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Be ready for a backlash: WHO tells anti-tobacco fighters

Sep 11, 2013

As India gears for an ‘endgame for tobacco’, WHO boss, Dr Margaret Chan, today spoke to rid the world of the one product it doesn’t need.

New Delhi: Even as Dr Margaret Chan, Director General, World Health Organisation (WHO), congratulated India for banning oral tobacco products in most of its states, she cautioned about a backlash from the powerful tobacco industry which could influence legislations in its favour. “Endgame strategies threaten tobacco industries and there could be a strong backlash in the form of legislations,” she warned.

Speaking at the ‘International Conference on Public Health Priorities in the 21st Century: The Endgame for Tobacco’, Dr Chan said tobacco trade interferes with health and economic policies of countries. “Most of the endgame strategies depend on capacities but unfortunately the developing countries do not have the required capacity to tackle the tobacco menace,” she said.

Giving a clarion call against the spreading tobacco menace globally, Dr Chan categorically said that tobacco is one product which the world does not need. Tobacco is projected to cause 1 billion deaths all over the world, she added.

India’s Health Minister Ghulam Nabi Azad, rued that India had the highest number of smokeless tobacco users in the world. “India’s recent ban on Gutkha in 33 of the 35 states and union territories is a definite step towards achieving tobacco endgame. The Government of India is working towards integrating the National Programme for Prevention and Control of Cancer, Diabetes, Cardiovascular Disease and Stroke (NPCDCS) with the National Tobacco Control Programme (NTCP),” he said.

Azad stressed that India was keenly observing global developments such as plain packaging of tobacco products adopted by Australia and the policy debates on tobacco free future generations and endgame objectives adopted by Finland. “We shall do whatever it can to partner WHO and international community to precipitate the endgame and secure a healthy and disease free future for the global youth. With the former cricket captain of India, Rahul Dravid, agreeing to be Health Ministry’s Ambassador for tobacco control, we will be able to have a positive impact on the large number of people.”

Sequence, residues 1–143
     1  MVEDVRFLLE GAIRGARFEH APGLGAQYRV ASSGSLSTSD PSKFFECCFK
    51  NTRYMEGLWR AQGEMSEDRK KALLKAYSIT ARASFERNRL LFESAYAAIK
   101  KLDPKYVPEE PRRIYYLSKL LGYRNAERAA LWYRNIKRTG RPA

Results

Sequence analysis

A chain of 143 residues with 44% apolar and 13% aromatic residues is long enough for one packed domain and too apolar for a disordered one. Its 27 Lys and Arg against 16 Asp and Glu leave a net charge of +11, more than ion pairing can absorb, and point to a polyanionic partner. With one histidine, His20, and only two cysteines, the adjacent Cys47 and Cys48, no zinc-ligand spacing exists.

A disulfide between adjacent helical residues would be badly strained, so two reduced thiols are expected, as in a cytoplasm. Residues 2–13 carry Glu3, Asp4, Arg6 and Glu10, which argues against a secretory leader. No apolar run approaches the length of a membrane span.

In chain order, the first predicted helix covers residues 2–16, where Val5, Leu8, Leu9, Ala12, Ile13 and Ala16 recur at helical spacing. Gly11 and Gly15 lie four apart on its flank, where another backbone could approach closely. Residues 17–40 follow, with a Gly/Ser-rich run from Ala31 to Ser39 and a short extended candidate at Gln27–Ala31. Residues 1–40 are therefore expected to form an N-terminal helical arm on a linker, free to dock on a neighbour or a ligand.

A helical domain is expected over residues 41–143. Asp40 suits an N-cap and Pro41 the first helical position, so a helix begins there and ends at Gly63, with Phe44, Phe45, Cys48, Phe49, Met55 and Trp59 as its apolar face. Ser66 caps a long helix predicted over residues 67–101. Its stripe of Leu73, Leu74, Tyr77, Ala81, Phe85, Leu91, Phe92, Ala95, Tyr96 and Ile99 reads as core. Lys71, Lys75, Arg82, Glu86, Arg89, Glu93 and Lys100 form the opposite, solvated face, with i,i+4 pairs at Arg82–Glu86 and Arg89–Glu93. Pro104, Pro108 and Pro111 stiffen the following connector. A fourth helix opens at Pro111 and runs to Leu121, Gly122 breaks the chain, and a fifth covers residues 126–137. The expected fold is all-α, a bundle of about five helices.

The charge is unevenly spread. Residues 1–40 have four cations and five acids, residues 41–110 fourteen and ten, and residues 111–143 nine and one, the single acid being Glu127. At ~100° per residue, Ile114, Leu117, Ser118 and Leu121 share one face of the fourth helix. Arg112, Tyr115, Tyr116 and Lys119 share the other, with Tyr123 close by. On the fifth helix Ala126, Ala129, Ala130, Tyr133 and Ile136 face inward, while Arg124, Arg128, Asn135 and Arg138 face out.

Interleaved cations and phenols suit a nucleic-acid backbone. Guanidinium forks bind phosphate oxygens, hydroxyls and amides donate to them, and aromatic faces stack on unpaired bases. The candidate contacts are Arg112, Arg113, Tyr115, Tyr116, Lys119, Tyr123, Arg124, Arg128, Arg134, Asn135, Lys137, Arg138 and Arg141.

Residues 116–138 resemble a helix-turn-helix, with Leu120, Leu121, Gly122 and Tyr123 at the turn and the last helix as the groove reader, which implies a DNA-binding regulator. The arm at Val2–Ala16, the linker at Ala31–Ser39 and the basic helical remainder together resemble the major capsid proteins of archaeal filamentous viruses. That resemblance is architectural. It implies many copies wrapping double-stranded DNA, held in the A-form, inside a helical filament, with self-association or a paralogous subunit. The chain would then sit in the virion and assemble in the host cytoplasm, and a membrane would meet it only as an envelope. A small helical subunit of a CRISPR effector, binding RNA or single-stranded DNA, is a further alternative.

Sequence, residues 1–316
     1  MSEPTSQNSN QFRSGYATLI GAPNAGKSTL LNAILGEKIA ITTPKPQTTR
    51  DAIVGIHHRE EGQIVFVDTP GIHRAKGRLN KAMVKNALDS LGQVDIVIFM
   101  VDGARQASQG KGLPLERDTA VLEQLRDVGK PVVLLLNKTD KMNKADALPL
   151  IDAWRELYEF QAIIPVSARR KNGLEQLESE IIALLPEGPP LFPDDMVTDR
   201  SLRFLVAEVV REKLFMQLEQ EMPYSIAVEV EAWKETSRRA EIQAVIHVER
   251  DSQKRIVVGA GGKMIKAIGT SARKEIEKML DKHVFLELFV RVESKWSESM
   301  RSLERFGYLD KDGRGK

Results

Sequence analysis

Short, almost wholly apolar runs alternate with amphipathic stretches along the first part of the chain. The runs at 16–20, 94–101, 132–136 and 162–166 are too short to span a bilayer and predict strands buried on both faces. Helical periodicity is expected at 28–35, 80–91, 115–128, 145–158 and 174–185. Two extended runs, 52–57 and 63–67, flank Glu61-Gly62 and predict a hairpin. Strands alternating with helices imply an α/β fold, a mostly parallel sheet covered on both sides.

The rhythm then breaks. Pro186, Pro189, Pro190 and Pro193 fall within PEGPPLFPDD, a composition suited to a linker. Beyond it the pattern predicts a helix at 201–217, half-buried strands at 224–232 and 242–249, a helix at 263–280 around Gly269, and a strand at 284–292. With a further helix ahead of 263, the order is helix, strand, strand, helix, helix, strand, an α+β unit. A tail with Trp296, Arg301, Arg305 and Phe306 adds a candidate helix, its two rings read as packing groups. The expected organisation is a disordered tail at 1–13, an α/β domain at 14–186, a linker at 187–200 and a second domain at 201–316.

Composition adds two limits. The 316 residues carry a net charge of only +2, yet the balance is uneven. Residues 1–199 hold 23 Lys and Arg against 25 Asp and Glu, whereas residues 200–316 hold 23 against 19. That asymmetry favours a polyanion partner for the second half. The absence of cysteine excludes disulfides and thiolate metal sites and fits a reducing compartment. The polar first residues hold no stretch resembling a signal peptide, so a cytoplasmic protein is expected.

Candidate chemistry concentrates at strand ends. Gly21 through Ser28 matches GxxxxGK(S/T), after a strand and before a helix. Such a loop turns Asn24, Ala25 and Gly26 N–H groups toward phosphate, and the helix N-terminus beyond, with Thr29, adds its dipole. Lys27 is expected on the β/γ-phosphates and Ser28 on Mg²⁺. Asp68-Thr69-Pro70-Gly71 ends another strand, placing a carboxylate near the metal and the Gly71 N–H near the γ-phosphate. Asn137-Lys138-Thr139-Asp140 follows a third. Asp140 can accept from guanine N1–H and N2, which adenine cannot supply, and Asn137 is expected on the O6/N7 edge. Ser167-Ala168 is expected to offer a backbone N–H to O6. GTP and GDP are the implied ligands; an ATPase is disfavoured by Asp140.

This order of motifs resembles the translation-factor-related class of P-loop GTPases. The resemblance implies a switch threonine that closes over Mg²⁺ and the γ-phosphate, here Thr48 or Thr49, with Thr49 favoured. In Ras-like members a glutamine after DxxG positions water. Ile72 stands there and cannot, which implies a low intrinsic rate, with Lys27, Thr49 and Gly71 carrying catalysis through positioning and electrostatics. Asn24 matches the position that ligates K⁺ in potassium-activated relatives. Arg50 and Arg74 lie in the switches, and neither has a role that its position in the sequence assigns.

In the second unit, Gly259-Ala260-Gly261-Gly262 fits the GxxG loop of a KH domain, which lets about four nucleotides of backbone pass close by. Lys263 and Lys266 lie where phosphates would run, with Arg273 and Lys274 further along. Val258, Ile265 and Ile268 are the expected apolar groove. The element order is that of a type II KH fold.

Highlighting that India had the highest number of oral cancers in the world, Azad also called for issuing horrifying pictorial warnings on tobacco products.

India’s Prime Minister Dr Manmohan Singh participating in the conference through a video message called for a combination of political and public health action for combating both demand and supply of tobacco.

“India is a party to the Framework Convention on Tobacco Control (FCTC), hence is firmly committed to the vision of a tobacco free society. As we act with conviction and commitment to eliminate tobacco as a threat to human health, I am sure this conference will contribute substantially to developing implementable and impactful strategies for stamping out tobacco as a danger to our collective future,” Singh said.

Dr K Srinath Reddy, President, Public Health Foundation of India and President, World Heart Federation urged for an immediate need to mobilise tobacco control measures globally. “If unchecked, the menace of tobacco abuse could claim over a billion lives in the 21st century globally,” he said.

“This Conference will also call for resolution to fight tobacco post the 2015 UN sustainable development agenda,” Dr Reddy added.

Avni Sharma, a youth advocate from India, felt the strong need to involve youth for ushering a strong anti-tobacco movement. Avni lamented that tobacco killed young people at the peak of their productive age. “It is shocking to learn that tobacco killed 100 million people in the twentieth century. There is a pressing need for informed youth who could become agents of social change,” she said.

The conference which had over 500 participants from more than 55 countries was organised by India’s Ministry of Health and Family Welfare, along with Public Health Foundation of India (PHFI) and Health Related Information Dissemination Amongst Youth (HRIDAY).

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